Our fourth biennial Defined Contribution (DC) Plan Sponsor Survey offers insights into the power of being proactive to help position more participants for greater retirement funding success. This year’s research highlights how proactive plans and proactive advisors and consultants are more likely to offer industry best practices and experience higher levels of overall satisfaction across a broad range of metrics. We present these findings in four parts covering plan sponsor goals, plan design, target date fund (TDF) usage and working with advisors and consultants.

View the DC Plan Sponsor Survey Findings overview >
 

TDF usage remains high …

Most plans offer a TDF

EXHIBIT 11: TOTAL PLANS WITH A TDF
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Note: 2013 total n=796; 2018 total n=838.
Source: J.P. Morgan Plan Sponsor Research 2019.

Additionally, plan sponsors who said they offer a qualified default investment alternative overwhelmingly use a TDF to fill that role.

… As does confidence in the plan’s TDF selection process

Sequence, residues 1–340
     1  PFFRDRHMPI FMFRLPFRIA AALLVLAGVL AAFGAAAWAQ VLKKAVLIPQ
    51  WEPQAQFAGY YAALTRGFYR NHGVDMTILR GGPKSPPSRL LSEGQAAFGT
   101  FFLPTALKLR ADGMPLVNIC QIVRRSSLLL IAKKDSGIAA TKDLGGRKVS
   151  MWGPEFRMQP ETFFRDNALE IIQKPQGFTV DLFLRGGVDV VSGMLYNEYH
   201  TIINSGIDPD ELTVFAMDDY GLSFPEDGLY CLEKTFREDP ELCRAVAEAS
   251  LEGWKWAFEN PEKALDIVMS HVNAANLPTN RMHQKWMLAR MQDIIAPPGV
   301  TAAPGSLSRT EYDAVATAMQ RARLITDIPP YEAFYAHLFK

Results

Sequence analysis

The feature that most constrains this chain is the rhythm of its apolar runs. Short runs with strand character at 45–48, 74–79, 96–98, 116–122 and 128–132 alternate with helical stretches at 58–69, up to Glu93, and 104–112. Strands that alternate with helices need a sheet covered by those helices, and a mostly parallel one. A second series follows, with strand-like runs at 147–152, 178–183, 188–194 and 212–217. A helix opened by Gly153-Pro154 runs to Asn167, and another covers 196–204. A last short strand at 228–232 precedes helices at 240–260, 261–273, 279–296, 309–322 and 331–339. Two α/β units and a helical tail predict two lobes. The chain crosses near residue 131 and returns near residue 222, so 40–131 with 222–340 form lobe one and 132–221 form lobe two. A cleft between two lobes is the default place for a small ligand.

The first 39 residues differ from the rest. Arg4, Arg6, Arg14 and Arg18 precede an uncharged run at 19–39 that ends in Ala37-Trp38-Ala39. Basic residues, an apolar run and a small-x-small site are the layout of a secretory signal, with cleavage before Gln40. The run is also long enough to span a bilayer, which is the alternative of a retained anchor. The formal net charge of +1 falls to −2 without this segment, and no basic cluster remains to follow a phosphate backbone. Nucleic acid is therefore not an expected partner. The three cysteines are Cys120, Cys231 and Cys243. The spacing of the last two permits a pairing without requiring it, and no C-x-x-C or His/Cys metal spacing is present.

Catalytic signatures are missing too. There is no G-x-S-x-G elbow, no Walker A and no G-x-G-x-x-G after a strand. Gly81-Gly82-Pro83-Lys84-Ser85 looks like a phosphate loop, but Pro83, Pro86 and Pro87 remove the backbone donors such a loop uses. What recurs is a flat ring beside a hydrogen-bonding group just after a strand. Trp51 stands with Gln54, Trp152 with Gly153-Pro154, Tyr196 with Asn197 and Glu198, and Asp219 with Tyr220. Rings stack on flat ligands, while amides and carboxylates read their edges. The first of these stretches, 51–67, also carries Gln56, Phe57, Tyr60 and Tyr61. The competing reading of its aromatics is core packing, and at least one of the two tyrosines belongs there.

Three out of four plan sponsors (75%) are highly confident regarding their TDF selection and monitoring process. This is an encouraging finding, given today’s wide selection of more than 65 TDF suites available and their often significant differences in glide path design and portfolio construction—and by extension different risk-reward characteristics and potential impact on participant outcomes.1 The majority of these plans are also documenting their process, a critical part of demonstrating prudent due diligence from a fiduciary perspective.

Most plan sponsors believe they are effective in their TDF due diligence

EXHIBIT 12: AS IT RELATES TO THE TDF OFFERED IN YOUR PLAN, HOW CONFIDENT ARE YOU THAT:
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Note: Have target date fund, n=584.
Source: J.P. Morgan Plan Sponsor Research 2019.

However, only 68% say they understand the methodology used to construct the TDFs they offer in their plans. That means almost one-third (31%) understand their TDF series’ methodologies only “somewhat,” “a little” or “not at all.” These responses are similar to those in 2013 and suggest that a meaningful number of plan sponsors continue to lack appropriate knowledge about TDF design, despite considerable education efforts by policy makers, TDF providers and the retirement planning industry overall.